THIS. This is exactly what I wanted. Well, and so I have questions, mostly about product rotation. I basically sell a quart or two of my own precious lifeblood every 6 months to pay for it, but I use the Fekkai shampoo and conditioner, Fekkai deep condition once every week or two and use Moroccanoil after each wash. My hair's long, wavy, I'm very vain about it. So, that mystical combo made my hair look pretty much better than everybody else's I ever saw--even on TV--for about 5 months, and then it fell flat. The tiny mice packed up and left. Is there something we should know about changing shampoos or products or something?

Jane Marie

@jesslyn there's definitely such a thing as buildup, and treatments to get rid of it, but i'd venture to guess it's maybe the weather? humidity? the other things you're doing because of the season (summer sports?) this is the exact opposite season from when it worked perfectly. whaddya think, could that be it?


@Jane Marie Ohhhh-uh! Yeah, maybe. I tend to buy products for dry hair because it CAN get really dry--especially in the winter, but I live in Georgia where it's really humid, and all summer long my hair looked like hobo hair, despite my best and costliest efforts. So maybe try lighter formula shampoo/conditioner in summer? Maybe a leave-in conditioner instead of the oil when the humidity's over 90%? You're totally great! Thanks!


@jesslyn Hey they sell that Fekkai shampoo/conditioner at Costco, a couple of different kinds.


@Exene Whuuuuuut?! I don't have a Costco very near me, but as god as my witness, I will find one. Thank you, friend!


@Jane Marie Suprisingly, a wash w Suave clarifying is so good for buildup.


@jesslyn I'm similar with my hair. I reccomend Davines NouNou. I've actually been using John Frieda shamp and conditioner lately with great results.


@Manatee Huh! I actually used to use the Davines Momo, and it was really nice, but my salon stopped carrying it. But maybe I'll INTERNET it! Thanks!

rianne marie

@jesslyn yes this exactly! I don't buy expensive shampoos, but I can never get the same shampoo more than two bottles in a row. Usually about halfway through the second bottle my hair just goes to shit.
Am I insane, or just totally coincidentally cycling through shampoos as the seasons change?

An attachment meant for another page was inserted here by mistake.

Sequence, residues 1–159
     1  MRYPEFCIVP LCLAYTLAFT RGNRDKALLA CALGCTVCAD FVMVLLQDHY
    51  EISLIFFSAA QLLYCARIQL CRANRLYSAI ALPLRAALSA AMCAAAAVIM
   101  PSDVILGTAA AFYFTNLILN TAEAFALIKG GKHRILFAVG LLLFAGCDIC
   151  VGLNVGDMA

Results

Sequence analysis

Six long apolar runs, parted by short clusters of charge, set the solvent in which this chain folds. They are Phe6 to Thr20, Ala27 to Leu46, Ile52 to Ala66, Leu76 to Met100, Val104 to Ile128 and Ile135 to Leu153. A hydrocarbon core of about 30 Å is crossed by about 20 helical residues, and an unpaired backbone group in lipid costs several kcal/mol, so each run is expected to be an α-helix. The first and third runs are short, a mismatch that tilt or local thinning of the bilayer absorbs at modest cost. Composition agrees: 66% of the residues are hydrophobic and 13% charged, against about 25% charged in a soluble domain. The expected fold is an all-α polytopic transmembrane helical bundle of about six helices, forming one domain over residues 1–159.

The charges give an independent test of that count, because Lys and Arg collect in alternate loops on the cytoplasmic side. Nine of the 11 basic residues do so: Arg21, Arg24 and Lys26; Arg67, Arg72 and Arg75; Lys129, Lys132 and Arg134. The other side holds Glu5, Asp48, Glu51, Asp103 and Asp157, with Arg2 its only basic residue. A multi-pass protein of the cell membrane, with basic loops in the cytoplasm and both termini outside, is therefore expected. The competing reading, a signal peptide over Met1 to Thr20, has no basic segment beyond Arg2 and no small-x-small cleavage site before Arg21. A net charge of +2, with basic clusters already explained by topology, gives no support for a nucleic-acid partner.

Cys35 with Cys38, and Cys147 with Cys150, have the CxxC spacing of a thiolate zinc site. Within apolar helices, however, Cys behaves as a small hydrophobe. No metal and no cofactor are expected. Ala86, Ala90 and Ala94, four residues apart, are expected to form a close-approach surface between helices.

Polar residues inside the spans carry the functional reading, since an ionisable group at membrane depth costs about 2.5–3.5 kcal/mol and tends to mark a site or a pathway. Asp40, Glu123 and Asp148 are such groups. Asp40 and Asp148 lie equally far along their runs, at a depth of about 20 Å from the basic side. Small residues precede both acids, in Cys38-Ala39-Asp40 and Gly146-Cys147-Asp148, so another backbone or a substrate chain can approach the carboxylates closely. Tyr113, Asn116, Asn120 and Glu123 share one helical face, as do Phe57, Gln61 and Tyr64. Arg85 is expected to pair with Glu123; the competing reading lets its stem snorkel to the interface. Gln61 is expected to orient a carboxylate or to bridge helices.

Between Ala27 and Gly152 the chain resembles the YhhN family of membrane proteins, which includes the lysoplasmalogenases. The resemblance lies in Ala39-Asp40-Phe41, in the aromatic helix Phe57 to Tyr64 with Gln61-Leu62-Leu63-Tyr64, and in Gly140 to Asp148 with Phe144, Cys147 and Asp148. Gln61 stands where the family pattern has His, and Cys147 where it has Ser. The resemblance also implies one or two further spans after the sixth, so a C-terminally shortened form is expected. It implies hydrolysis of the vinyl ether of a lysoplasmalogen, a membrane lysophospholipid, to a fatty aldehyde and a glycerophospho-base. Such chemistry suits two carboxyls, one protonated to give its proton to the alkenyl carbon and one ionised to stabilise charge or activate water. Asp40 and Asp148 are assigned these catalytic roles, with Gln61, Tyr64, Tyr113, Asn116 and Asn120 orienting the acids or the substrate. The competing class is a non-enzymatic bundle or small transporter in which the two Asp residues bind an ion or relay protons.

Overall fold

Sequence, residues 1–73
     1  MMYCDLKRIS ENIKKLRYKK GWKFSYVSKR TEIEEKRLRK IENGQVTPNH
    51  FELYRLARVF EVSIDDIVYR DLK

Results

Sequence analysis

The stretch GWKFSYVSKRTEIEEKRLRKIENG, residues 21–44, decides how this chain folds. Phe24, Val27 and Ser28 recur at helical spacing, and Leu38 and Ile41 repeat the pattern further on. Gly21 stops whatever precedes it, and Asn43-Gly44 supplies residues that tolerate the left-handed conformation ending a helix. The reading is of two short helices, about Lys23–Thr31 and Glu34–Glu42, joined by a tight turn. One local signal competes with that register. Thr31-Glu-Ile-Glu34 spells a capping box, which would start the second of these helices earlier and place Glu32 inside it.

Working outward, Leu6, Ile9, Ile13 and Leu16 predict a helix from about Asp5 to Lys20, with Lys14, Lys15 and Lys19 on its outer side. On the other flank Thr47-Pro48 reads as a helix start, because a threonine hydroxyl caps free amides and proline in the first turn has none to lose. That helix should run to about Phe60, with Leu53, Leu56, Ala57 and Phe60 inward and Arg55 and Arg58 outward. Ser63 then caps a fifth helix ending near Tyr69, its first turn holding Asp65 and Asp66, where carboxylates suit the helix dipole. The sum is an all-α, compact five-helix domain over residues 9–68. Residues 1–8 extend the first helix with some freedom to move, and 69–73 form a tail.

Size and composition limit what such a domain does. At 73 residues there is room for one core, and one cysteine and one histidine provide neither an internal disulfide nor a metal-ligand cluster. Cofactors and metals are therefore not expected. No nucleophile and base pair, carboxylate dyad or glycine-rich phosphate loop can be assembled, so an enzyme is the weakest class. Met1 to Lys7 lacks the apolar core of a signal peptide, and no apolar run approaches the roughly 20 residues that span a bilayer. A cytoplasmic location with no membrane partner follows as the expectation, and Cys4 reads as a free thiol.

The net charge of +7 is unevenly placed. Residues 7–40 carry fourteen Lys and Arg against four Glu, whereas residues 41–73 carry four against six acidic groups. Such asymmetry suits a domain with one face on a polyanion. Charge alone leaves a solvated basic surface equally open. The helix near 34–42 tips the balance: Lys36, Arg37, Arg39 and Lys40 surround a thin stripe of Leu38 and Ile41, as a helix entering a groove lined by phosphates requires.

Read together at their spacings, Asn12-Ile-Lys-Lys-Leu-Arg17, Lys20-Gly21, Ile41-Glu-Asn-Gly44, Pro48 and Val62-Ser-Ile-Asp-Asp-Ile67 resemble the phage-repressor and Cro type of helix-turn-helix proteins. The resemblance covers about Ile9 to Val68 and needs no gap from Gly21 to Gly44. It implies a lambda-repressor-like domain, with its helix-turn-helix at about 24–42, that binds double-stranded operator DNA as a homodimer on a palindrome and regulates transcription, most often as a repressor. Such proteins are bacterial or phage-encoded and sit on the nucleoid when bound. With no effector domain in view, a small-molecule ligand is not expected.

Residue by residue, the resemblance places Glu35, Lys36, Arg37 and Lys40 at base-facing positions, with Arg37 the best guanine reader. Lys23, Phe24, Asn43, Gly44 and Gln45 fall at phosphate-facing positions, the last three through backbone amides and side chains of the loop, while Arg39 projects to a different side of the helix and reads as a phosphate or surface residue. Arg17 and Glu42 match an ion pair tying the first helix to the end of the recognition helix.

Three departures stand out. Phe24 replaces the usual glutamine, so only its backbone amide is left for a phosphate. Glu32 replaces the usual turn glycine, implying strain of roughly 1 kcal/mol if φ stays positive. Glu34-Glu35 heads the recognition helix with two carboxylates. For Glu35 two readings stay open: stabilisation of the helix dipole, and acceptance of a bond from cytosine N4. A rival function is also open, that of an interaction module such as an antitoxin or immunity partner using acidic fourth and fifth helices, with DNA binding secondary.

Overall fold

(my hair is fine and oily)


Jane? Pinners? What would be a good thing to use if you have wavy hair and you'd like to define those waves a bit more? At its best, my hair can look like this

when long, and can get even a bit curlier when short. Should I try a curl definer? I have been using one of those beach spray things, that seems to be helping a bit.


@wee_ramekin A perm! Seriously, I got a perm last year and my hair looks like that right now.


@lisma Eeeeeep! Perms sound...really scary? Maybe because I only remember the perms from the 90s?

Not to be an annoying wanker, but I prefer not to do any "permanent" chemical alterations to my hair. I'm not the type to keep up with it, for one, and I'd also just prefer not to do anything seriously chemical to my hair. I was hoping there would be a way to get slightly defined-ier waves with product instead of a perm.

Aaaaaaaaaaand I hope I don't sound like I'm shitting all over your answer! I appreciate that you responded :).


@wee_ramekin Ooh hair twins! I usually want to do the opposite and keep my hair on the wavy end of the spectrum. When I do that, I use a curl cream (not gel) and twist into sections. If I don't feel like spending the time on twisting, I just scrunch with the curl cream and use a diffuser pointed toward my scalp. That gets much bigger curls.

You should definitely use a curl defining cream (I like this: http://bit.ly/K9RVns) if you want a curlier look.


@wee_ramekin it's ok! It is not for everyone, and the smell is killer the first couple of days, but I've been really happy with mine. I get that people have varying degrees of comfort with chemical stuff and wonder sometimes if I have too cavalier of an attitude in that regard. Short of a perm, though, I find the beach spray things work better when you've applied something like B&B Tonic or Prep underneath it.


@wee_ramekin I don't have a perm, BUT I do know that they are much, much different than in the 90s. My hipper friends keep getting wave perms. They are not obvious and do not require similar upkeep - many of my friends let them grow out and because it's just wavy, it looks natural during the whole grow out (so, after a few months the end of your hair is just curlier/wavier/bouncier than your roots, which is definitely something people actually style their hair to do).

I say this because I waaaaaant one myself, but I get highlights already, so I'm pretty sure my hair wouldn't appreciate it.


I have perm questions! Mainly reassurance that I won't look like a dang poodle, but, you know. If one straightens one's hair with a perm (actually, can you?), it'll go back to curly after being washed, right? How many curl options are there? Right now I have a long bob that I've been either pin-curling overnight, or putting spiral-y waves into with my flat iron. But basically it's straight with body (not so much a wave as a half-assed nod to one) naturally. I've ALWAYS wanted curly hair, so I keep toying with the idea of a perm. But I've also never dyed my hair, so chemicals scare me!


@wee_ramekin I got a sample of Ouidad leave-in conditioner for curly hair in my Birch Box one time and I ended up buying a whole bottle. It really did make my medium-thick wavy hair much curlier and bouncier in a noticeable way. I think they sell the travel size at Sephora if you want to try it out.